IN February 2013, a suicide bomber detonated 6 kilograms (13 lb) of trinitrotoluene (TNT) and a hand grenade—at the United States embassy in Ankara, killing a Turkish security guard and wounding three others, including a journalist.

The previous list is just highlights some of the more publicized attacks on U.S. mission.

U.S. Marines to be deployed as security guards have to undergo special training in weapons and tactics.

Get an exclusive look at how Marines are trained:

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Source: Soldier Of Fortune Magazine

Marine Corps Photos: Amphibious Insertion

Marine Corps Moto Photo 83

A 26th Marine Expeditionary Unit Maritime Raid Force Marine engages simulated hostile targets during an amphibious insertion for sustainment training in the U.S. 6th Fleet area of responsibility.

Photo by Sgt Christopher Q. Stone.

Roles In The Marine Corps: Infantry Officer

Infantry Officers are central to the role of the Marine Corps as an expeditionary force.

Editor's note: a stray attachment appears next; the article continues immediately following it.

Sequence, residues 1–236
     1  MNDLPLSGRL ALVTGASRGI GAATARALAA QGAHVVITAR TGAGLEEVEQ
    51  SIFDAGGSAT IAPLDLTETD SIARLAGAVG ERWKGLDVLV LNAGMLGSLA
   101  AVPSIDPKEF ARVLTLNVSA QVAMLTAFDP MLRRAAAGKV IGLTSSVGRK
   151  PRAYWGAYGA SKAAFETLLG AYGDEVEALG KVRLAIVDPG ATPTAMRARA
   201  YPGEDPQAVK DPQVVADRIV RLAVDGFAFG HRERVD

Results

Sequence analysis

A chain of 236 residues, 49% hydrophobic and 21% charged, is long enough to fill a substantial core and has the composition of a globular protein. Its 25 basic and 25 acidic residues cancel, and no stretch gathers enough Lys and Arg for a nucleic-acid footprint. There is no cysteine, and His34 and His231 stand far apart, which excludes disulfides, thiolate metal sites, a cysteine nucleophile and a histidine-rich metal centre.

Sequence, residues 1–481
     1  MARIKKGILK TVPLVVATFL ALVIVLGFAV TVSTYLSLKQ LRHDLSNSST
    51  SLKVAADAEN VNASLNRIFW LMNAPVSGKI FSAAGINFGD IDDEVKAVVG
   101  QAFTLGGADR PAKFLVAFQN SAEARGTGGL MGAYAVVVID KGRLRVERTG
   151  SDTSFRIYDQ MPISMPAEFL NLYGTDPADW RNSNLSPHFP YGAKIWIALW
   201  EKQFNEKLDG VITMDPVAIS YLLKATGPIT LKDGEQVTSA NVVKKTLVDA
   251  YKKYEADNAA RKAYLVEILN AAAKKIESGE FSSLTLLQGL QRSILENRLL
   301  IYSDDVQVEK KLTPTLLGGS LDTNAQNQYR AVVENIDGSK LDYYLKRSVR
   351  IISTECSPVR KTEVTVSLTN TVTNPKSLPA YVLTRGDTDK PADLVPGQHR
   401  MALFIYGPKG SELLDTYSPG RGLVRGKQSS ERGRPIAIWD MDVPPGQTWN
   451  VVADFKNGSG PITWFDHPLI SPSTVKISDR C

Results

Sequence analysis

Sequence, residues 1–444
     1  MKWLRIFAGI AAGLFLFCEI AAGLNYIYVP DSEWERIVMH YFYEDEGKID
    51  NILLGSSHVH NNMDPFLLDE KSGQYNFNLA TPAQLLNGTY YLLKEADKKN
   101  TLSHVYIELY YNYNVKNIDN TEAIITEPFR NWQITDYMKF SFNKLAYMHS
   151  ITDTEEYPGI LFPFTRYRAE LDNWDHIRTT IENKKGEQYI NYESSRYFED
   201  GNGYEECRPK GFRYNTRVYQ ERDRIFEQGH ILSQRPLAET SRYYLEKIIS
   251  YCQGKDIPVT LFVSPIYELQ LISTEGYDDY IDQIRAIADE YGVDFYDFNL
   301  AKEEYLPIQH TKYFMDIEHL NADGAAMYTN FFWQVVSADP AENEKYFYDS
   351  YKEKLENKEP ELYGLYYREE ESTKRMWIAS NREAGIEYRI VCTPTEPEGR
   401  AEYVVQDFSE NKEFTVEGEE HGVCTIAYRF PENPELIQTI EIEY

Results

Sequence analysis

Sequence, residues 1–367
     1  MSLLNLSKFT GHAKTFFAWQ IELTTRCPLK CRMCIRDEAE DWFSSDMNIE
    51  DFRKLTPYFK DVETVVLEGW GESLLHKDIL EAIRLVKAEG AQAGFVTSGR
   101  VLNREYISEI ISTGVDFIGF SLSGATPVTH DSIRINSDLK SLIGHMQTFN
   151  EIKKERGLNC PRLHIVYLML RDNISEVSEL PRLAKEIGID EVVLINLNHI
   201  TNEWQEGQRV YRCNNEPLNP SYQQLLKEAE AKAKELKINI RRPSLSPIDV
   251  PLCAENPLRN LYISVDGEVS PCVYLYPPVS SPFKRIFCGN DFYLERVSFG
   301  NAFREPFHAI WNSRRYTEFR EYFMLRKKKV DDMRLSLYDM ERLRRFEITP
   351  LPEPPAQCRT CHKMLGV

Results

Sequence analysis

They are responsible for training their Marines for every variety of ground combat mission in any environment.
They gather and evaluate intelligence on enemy forces, develop offensive and defensive battle plans and command their infantry unit’s use of weapons and equipment.

Visit http://bit.ly/gKHekW for more information about becoming a Marine Officer.


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Marine Corps Photos: In the Heat of the Night

Marine Corps Moto Photo 89

Marines with Battery M, 3rd Battalion, 11th Marine Regiment, 1st Marine Division load an M777 lightweight 155mm Howitzer for firing during Exercise DESERT SCIMITAR aboard Marine Corps Air-Ground Combat Center Twentynine Palms, Calif. May 2, 2013. Exercise DESERT SCIMITAR was conducted to allow 1st Marine Division the opportunity to sustain their ability to plan and execute all aspects of its operations in offensive and defensive scenarios.

Photo by Cpl John Clary.